Although Mangold began Olympic weightlifting less than two years ago — and is still learning technique — she made everyone take notice when she won the clean and jerk competition at the U.S. Trials and finished second overall to Sarah Robles. Although her totals significantly trail the world’s top super-heavyweights — China’s Lulu Zhou, Russia’s Tatiana Kashirina and Korea’s Mi-Ran Jang — Mangold thinks a bronze medal is within reach. It’s the same “I-can-do-anything” attitude she used when she was a lineman for the Alter High football team.

“That’s what I’m shooting for,” she said. “No one dreams of going to the Olympics to finish eighth.”

Progress has been slow for women

There was a time when women couldn’t dream about the Olympics at all.

They weren’t allowed to compete before the Paris Games in 1900 and then only in lawn tennis and golf. It wasn’t until 1928 that they were allowed into track and field and gymnastics. Still, progress came slow and often begrudgingly.

In 1936, the U.S. Olympic Committee was facing budget problems right before the Berlin Games and decided to jettison 13 of the 17 track and field women on the team.

As the New York Times reported on July 11, 1936: “Some of the girls who qualified for the team are virtually stranded in New York and on the verge of hunger.”

Since the passage of Title IX, the 1972 gender equity law that provided innumerable athletic opportunities for women, the ranks of American female Olympians have grown. While just 21 percent of the U.S. team (84 of 400 athletes) was women in 1972, the number jumped to 48 percent at the Beijing Games (286 of 596).

So much for Baron Pierre de Coubertin, the founder of the modern Olympics in 1896, who initially disallowed women because he said it would be” impractical, uninteresting, unaesthetic and incorrect.”

What do you think that guy would make of Mangold, who does a cartwheel before every competition, can do the splits and could likely hoist a Volkswagen.

She’s already become the darling of the national media. Last Sunday it was New York Times columnist Frank Bruni singing her praises.

“We have a female weightlifter, Holley Mangold, who is 350 pounds, all of it pure character,” he wrote. “To read about her is to fall in love with her self-effacement, her self-acceptance, her wit. ‘I get a lot of Creepy McCreepersons interested in me because I’m so big. It’s not norma,l it’s like a fetish,” she told Elizabeth Weil, who wrote a profile of her recently for the New York Times Magazine. ‘And I don’t like to sit outside. Not because I don’t like to be outside, but usually there are plastic chairs. Once you break a couple of plastic chairs you’re afraid of them all.’ ”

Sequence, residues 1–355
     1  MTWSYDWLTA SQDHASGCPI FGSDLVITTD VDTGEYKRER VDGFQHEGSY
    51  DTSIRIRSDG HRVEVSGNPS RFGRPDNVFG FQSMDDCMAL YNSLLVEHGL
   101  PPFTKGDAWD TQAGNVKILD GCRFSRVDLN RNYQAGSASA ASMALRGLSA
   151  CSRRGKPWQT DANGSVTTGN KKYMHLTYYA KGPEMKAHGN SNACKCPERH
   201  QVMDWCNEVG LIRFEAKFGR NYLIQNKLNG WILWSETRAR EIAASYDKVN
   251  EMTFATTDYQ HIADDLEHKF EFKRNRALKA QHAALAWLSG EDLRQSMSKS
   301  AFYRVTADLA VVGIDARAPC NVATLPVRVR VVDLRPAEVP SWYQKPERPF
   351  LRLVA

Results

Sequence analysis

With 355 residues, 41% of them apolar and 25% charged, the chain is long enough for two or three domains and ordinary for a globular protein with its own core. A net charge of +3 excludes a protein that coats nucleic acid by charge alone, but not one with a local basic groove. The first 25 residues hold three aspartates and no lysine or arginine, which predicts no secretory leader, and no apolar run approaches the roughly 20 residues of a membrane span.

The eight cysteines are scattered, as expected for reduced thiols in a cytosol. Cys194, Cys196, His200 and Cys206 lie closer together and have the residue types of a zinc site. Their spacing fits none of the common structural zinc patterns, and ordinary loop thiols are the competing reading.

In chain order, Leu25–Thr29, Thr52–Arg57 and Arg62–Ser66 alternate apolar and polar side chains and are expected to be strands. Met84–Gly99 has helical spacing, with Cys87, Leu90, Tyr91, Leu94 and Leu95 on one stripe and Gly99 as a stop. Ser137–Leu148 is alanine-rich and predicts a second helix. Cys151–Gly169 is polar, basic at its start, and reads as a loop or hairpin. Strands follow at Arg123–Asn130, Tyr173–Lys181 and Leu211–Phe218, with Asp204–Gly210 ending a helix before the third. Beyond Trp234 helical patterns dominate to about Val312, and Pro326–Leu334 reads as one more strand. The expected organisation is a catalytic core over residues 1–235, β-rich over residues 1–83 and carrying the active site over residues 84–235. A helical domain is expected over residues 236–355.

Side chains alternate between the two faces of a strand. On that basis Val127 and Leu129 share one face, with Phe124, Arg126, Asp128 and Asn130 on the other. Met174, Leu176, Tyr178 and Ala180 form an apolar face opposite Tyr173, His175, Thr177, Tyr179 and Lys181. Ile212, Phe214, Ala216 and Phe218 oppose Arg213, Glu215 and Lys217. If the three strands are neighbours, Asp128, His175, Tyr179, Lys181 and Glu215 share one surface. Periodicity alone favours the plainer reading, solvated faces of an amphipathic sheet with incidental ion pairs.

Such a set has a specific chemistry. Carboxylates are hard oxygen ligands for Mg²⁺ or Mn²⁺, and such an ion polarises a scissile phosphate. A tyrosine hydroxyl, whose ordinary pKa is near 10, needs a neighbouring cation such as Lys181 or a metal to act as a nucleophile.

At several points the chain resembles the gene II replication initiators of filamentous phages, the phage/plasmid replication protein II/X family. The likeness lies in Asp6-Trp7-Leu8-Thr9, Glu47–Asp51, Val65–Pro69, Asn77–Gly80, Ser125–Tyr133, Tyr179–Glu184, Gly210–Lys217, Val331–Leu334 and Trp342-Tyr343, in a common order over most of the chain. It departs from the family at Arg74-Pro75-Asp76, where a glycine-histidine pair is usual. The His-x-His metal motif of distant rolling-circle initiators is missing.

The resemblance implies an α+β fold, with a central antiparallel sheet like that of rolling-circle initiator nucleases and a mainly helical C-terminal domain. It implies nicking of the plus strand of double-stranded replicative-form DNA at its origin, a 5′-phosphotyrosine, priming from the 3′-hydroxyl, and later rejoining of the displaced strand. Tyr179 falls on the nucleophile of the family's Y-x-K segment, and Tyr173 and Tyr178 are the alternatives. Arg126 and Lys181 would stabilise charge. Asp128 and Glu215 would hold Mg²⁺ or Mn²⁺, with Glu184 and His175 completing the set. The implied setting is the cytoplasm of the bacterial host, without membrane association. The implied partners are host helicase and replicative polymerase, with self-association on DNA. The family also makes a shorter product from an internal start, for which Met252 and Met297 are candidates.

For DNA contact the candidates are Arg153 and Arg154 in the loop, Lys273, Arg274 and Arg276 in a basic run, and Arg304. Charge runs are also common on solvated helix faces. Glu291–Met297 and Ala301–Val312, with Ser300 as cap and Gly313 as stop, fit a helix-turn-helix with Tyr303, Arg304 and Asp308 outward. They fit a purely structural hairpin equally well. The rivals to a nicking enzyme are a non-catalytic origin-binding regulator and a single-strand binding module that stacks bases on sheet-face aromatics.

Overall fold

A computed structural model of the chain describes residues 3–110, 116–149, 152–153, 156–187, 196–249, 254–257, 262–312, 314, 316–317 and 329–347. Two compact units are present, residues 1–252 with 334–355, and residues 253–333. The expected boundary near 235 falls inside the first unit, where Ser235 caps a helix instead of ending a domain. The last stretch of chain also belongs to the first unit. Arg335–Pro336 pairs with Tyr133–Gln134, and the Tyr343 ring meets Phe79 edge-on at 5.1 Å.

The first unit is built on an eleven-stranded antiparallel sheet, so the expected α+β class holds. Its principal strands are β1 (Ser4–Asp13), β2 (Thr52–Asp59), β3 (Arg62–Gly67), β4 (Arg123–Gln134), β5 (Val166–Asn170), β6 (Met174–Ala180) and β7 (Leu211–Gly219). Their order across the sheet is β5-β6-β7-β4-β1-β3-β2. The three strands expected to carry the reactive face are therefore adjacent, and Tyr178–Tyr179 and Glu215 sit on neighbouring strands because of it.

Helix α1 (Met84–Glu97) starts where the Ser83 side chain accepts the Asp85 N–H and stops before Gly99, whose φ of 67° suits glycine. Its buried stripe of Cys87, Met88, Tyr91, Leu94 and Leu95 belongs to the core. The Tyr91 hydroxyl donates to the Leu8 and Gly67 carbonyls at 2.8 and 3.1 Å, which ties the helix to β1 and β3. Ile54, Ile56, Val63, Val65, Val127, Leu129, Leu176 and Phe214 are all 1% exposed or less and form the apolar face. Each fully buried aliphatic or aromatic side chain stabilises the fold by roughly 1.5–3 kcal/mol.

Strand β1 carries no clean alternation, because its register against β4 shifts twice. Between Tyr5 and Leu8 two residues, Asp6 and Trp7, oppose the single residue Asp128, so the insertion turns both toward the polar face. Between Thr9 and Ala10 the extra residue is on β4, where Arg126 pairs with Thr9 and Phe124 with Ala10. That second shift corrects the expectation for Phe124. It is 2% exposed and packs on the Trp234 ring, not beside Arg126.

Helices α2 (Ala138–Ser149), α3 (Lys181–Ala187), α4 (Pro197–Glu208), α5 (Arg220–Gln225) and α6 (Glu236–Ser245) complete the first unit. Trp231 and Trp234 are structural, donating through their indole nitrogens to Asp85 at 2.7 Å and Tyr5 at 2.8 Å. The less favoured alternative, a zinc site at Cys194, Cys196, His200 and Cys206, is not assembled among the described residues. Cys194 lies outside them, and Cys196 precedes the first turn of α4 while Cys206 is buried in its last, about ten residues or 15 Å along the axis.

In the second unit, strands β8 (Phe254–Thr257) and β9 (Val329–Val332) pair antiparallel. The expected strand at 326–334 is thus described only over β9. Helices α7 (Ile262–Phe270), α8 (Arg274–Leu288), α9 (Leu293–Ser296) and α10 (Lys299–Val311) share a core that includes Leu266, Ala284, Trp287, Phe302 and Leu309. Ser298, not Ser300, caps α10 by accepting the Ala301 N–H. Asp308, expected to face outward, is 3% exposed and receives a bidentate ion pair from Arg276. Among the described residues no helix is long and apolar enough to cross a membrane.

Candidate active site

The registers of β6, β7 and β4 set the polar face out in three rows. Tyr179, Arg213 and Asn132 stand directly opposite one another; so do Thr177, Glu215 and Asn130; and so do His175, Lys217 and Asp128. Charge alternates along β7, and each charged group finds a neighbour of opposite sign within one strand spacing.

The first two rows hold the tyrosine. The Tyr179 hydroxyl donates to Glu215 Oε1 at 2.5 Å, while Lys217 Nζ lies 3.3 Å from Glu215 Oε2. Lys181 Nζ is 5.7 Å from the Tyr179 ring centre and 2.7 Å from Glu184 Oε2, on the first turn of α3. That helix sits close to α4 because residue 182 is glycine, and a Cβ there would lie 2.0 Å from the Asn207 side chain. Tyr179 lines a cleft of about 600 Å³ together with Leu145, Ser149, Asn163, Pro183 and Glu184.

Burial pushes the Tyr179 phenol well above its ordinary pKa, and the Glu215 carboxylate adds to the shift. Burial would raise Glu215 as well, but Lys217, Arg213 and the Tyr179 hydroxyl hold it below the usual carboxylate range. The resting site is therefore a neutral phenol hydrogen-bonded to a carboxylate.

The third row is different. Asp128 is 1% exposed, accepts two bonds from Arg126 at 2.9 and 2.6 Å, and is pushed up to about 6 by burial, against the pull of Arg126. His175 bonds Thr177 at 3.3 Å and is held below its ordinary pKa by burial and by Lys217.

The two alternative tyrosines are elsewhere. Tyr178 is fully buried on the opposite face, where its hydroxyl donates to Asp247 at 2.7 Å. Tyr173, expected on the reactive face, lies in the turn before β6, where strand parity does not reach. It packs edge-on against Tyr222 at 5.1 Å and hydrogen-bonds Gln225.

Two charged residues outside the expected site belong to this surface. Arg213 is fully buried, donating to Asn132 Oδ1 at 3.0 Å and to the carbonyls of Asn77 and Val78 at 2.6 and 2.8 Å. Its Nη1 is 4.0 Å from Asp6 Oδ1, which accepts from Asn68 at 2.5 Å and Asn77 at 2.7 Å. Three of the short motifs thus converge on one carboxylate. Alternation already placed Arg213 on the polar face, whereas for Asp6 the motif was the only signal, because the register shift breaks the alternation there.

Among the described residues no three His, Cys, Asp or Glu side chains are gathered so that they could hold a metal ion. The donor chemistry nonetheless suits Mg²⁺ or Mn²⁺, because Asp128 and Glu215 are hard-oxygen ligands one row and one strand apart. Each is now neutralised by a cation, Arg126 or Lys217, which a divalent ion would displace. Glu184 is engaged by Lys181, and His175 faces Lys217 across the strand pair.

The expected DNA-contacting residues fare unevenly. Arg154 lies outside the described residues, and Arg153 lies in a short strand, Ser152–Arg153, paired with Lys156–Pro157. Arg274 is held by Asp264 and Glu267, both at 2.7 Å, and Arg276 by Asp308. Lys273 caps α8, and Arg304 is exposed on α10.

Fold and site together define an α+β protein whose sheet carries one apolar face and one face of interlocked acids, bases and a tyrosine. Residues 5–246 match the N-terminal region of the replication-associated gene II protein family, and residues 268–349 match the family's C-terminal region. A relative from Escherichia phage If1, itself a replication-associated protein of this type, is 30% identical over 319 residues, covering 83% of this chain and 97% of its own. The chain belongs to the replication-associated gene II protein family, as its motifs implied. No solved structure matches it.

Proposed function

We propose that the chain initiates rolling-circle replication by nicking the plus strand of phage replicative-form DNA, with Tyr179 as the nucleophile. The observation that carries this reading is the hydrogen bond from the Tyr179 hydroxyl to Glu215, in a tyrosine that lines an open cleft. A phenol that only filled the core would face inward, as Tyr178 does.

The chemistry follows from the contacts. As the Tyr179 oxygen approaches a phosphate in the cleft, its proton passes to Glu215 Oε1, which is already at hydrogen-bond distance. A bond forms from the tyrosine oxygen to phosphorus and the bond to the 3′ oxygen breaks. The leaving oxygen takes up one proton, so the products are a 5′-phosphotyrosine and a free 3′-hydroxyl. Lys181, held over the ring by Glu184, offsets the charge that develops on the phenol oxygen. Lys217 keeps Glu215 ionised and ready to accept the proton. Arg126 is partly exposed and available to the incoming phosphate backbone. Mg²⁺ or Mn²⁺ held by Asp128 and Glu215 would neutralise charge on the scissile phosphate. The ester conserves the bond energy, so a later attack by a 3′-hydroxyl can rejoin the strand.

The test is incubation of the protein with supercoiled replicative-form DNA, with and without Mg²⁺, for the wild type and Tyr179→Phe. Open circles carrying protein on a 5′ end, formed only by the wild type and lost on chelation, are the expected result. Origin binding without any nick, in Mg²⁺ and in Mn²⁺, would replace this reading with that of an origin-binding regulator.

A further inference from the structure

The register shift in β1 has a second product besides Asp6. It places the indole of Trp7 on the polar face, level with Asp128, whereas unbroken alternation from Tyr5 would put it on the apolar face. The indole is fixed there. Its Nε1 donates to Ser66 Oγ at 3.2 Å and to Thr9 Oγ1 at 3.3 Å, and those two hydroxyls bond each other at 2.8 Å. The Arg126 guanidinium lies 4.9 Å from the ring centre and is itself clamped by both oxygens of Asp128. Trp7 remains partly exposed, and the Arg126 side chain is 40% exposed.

On a more serious note, Mangold said she hopes to “be a role model to anyone who thinks they have limitations or can’t do something.” I hope I can show them that anything is possible,” she said when she visited Dayton last week. “ That’s what I want them to see.”

Folks will get a chance to see her today in the Opening Ceremony. She plans to march with the U.S, athletes as does Harrison. McMillan — at Smith’s prompting — likely will not.

Smith notes that the hours of prep time and the actual ceremony itself would require McMillan to be standing six or seven hours straight on her surgically repaired left knee. He told of a study he read that claimed “96 percent of those who participated in the opening ceremonies and compete on the first weekend don’t medal. … She can do the closing ceremonies. And really the ceremony that matters most is the medal ceremony.”

Harrison’s coach Jimmy Pedro is of a different mindset:

“Unless you are competing the very next day, the experience is so positive even though it is as hassle. Basically, when you go out there you know you’ve arrived. You know you’ve made it to the big time. With Team USA, we’re the No. 1 team in the world in terms of sports and you’re surrounded by all these superstars. And you should feel like a superstar, too. It’s an experience of a lifetime.”

Mangold feels the same way:

“I’m really excited to be a part of the Opening Ceremony. A lot of past Olympians have talked to me about it and said that’s one thing you want to be sure to do. I do know it can be a long, long day. People keep telling me, ‘You know you’re not gonna be able to sit down.’

“I know it’s gonna be rough, but look. I’m a super-heavyweight. Trust me, I find places to sit — no problem.”